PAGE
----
There May Be 1 Million More Transgender Teens Than Previously Thought, New Study Suggests

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Many more teenagers than previously thought may identify as transgender or gender non-conforming, a new study in the journal Pediatrics suggested. Only about 0.6 percent of U.S. adults identify with a gender opposite their birth sex, and previous studies showed about 0.7 percent of U.S. teens do so as well. The study published Monday suggested that the percentage might be closer to 3 percent, however.

To put that in perspective, the U.S. Census Bureau estimated that there were 41.7 million Americans between the ages of 10 and 19. If 0.7 percent of them identify as a gender different from their birth sex, then approximately 292,000 U.S. teens are transgender. If the share is 2.7 percent, however, that would mean 1.13 million U.S. teens are transgender โ€” an increase of 0.86 million.

That's just shy of the population of San Francisco, Calif. (not including the Bay Area), and quite a bit larger than that of Washington, D.C. (not including the surrounding area).

This week, Pediatrics released a study of Minnesota teenagers in grades 9 and 11. The study surveyed 80,929 students, and found that 2,168 (2.7 percent) identified with a gender opposite or different from their birth sex. The study referred to them as "Transgender and gender non-conforming (TGNC)," and labeled the other 78,761 (97.3 percent) "cisgender."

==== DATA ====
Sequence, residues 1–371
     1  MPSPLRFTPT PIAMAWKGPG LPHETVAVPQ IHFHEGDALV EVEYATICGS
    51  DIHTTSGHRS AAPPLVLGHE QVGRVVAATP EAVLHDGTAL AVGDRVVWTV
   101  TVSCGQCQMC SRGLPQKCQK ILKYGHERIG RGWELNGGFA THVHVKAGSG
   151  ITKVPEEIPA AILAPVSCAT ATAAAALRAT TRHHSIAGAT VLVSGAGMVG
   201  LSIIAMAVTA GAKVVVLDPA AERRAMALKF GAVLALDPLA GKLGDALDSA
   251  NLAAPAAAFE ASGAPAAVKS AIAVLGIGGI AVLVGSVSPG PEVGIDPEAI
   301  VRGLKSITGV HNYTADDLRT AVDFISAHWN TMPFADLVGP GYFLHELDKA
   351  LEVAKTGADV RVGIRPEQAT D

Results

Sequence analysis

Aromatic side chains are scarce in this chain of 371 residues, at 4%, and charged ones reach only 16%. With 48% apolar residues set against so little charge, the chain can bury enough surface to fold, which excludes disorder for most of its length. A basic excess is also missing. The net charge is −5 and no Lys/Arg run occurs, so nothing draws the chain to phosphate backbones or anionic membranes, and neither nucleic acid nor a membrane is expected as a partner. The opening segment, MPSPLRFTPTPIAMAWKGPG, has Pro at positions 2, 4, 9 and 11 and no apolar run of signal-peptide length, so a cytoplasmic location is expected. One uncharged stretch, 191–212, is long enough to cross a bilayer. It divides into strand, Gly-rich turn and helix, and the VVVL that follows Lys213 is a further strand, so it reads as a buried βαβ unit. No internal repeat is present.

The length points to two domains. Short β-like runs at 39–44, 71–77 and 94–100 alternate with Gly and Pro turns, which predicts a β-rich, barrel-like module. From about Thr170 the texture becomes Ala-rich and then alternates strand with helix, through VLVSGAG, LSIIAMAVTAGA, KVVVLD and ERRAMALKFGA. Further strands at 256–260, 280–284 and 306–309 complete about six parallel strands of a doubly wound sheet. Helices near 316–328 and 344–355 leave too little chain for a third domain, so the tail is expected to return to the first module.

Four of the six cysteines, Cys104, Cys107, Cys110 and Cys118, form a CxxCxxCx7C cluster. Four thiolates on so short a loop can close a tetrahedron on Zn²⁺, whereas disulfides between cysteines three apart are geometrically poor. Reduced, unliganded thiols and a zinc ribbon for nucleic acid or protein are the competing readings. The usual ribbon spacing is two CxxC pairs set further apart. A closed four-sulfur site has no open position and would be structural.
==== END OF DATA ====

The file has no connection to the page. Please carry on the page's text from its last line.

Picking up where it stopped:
These results represented a stunning increase from previous estimates. According to government estimates, about 0.6 percent of U.S. adults (1.4 million) identify as transgender. A UCLA study released last year estimated that 0.7 percent of teens between the ages of 13 and 17 are transgender, about 150,000 kids, CBS News reported.

"With growing trans visibility in the United States, some youth might find it safer to come out and talk about gender exploration," Nic Rider, a University of Minnesota postdoctoral fellow studying transgender health, told CBS News. "Diverse gender identities are more prevalent than people would expect."

Some might object to the comparison, however, and it does seem potentially misleading. The inclusion of "gender non-conforming" may have skewed the results.

More of the Minnesota TGNC students were "assigned female at birth." A full 504 female-at-birth TGNCs (or in traditional terms, "gender-confused girls") said they were either "very feminine" or "somewhat feminine." Similarly, 263 male-at-birth TGNCs (or "gender-confused boys") said they were either "very masculine" or "somewhat masculine."

To make matters even more confusing, a great deal of students identified themselves as "equally feminine and masculine." In total, only 339 gender-confused girls (23.6 percent of the female-at-birth TGNCs) identified themselves as "very masculine" or "somewhat masculine." Only 204 gender-confused boys (30.8 percent of the male-at-birth TGNCs) identified themselves as "very feminine" or "somewhat feminine."